An older man was telling me about how he grew up in the Dirty Thirties where wind stripped the topsoil of the surrounding farm land and everyone was experiencing the Great Depression. All the families in that area would get together every Saturday night, bring what food and instruments they had and eat and dance together. Those were some of his happiest memories. Toward the end of the 30’s people started finding sources of income again and one by one drifted away. As you say, the need was no longer there – and therefore neither was the community.

    When incidents like 911 happen and all the wonderful stories of people risking their lives for one another come out, they devastate my original idea of what a tragedy. If something bad brings about so much good, is it really bad? No we would never stage a 911 event, but when it comes along and we find love and communion through it, should we really look heavenward and ask how God could let such a thing happen?

  24. Drewster2000, the scripture that God’s grace is made perfect in weakness. I sometimes wonder if the same isn’t true of evil and depravity.

  25. David, it is an internal separation because He is always with us, certainly after Chrismation. I am not always with Him. I still remember Chrismation 30 years ago. The joy.

    Not always am I able to express that joy and thanksgiving. When I am not I am both ashamed of myself and sorrowful. Other times I am prideful and arrogant and angry. Interestingly enough both act to drive me to confession and repentance. As does events in my life that are clearly His grace. It becomes clear to me that I am not worthy of that grace. Or as Shakespeare put it..”In the course of justice, none of us should see salvation.”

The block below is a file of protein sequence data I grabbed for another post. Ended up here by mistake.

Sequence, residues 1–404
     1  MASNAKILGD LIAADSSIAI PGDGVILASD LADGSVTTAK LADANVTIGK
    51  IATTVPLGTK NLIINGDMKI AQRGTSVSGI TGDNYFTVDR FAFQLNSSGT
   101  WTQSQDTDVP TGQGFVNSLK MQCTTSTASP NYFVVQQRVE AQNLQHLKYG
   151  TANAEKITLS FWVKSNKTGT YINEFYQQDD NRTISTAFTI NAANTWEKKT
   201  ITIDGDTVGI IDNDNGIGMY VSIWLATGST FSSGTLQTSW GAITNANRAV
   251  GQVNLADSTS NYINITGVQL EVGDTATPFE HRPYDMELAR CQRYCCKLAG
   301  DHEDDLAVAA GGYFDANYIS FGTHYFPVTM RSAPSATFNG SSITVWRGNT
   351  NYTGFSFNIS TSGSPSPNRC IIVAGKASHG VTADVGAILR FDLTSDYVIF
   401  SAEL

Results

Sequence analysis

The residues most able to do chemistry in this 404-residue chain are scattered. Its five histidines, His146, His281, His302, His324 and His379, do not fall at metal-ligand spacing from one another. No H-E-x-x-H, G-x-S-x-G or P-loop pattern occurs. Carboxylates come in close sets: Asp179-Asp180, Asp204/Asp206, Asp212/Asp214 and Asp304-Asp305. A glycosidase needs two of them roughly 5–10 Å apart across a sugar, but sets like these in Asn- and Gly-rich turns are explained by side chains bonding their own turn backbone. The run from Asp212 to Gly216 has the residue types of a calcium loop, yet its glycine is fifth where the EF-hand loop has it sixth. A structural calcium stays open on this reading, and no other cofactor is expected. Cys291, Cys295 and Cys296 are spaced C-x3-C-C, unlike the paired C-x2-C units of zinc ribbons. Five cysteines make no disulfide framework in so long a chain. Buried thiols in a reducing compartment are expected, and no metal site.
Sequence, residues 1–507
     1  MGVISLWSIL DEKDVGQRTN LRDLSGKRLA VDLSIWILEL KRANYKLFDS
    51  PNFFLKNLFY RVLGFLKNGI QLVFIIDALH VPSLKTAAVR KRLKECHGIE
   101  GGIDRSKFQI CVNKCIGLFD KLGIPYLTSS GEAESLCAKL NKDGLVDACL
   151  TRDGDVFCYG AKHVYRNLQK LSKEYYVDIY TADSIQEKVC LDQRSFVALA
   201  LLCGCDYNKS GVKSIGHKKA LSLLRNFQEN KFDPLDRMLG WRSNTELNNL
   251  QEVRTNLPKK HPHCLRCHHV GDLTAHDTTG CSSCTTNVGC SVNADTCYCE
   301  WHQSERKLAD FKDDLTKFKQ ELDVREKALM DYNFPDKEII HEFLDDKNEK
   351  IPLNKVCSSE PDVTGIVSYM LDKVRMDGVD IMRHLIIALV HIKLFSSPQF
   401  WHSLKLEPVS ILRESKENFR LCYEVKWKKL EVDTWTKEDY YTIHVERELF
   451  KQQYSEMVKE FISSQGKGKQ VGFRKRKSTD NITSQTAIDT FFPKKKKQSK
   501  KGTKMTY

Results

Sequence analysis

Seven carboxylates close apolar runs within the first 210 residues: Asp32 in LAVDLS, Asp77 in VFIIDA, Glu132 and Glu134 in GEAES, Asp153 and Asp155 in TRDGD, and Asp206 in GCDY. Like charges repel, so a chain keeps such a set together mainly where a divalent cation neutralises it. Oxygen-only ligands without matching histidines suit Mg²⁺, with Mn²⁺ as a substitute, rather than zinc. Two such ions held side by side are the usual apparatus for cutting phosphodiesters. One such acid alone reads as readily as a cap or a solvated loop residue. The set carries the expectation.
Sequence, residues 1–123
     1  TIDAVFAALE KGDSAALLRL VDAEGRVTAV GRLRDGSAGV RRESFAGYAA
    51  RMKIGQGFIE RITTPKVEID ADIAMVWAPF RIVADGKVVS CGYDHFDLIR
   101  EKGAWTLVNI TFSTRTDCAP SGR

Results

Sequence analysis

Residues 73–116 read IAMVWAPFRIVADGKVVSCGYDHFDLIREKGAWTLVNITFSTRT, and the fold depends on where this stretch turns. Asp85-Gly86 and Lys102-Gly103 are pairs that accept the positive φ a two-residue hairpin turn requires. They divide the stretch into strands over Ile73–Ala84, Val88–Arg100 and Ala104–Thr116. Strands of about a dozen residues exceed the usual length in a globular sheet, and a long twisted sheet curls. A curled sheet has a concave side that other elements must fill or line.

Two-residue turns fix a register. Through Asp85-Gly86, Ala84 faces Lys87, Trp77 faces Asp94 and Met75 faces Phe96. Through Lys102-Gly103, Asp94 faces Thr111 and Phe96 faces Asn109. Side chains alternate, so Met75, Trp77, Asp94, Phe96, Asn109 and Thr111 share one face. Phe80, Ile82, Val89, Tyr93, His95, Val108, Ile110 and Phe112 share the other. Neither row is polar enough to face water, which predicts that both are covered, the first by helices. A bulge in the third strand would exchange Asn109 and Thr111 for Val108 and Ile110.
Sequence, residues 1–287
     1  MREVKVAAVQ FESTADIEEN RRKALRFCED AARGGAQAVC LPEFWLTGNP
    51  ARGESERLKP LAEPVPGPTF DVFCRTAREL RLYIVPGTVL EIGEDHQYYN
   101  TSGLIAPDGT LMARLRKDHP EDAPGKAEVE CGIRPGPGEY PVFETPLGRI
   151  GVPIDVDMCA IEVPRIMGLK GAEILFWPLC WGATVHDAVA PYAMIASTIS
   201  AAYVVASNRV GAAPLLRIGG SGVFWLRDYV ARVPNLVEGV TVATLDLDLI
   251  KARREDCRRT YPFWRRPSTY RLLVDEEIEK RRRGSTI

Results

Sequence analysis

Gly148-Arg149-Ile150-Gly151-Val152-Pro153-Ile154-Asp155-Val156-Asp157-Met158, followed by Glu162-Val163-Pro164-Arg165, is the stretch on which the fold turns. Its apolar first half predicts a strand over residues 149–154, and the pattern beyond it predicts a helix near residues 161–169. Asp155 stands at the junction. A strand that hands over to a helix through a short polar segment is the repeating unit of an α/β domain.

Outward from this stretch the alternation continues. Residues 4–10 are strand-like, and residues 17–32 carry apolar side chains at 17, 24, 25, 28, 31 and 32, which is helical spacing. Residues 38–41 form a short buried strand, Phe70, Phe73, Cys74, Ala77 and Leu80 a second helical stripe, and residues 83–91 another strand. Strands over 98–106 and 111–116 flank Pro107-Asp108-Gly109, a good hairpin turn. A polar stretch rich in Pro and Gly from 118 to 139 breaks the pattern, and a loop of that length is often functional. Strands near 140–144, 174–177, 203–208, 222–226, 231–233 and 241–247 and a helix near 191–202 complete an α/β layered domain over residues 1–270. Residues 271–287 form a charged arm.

It is a bit like marriage. On our wedding day the union is declared and sealed but not yet perfected. It takes time, dedication, tears and repentance to both realize the union and allow God to perfect it.

  26. Drewster, yes how indeed. We are a stiff-necked people are we not.

    Lord have mercy.

  27. We are a stiff necked people.
    But, we are also capable of courage, honesty, beauty, compassion, mercy, and self-sacrifice.

  28. the scripture that God’s grace is made perfect in weakness. I sometimes wonder if the same isn’t true of evil and depravity.

    I think there is a danger in saying God’s grace is made perfect in anything evil or depraved. I think the workings of God’s grace are found in our repentance and that is brought about in fullness by our weakness. Weakness doesn’t necessitate wounding, which is the typical result of “evil and depravity”, rather it is a method of recognition of ourselves and God and our need for Him. Communion, as so many have stated above, is born of this need.

    The actions of evil and depravity wound us. They bring about distraction from repentance via the hatred, pain, pridefulness, frustration, shame, etc. that they engender. In these cases, healing is required in order help us too full repentance. The Church is the hospital in which we heal; in which we draw closer to God in our need. Just my thoughts. If I have mis-stated anything, please forgive and correct.

  29. Byron,

    Our weakness entails the potential to be wounded, which I would think is the potential for evil. I think that it’s interesting that the verse says that it is God’s grace that is made perfect in weakness. I would imagine that this refers to our weakness, not His. On the one hand, God does not wound us. On the bother hand, it is in our capacity to be wounded that God’s grace is made perfect.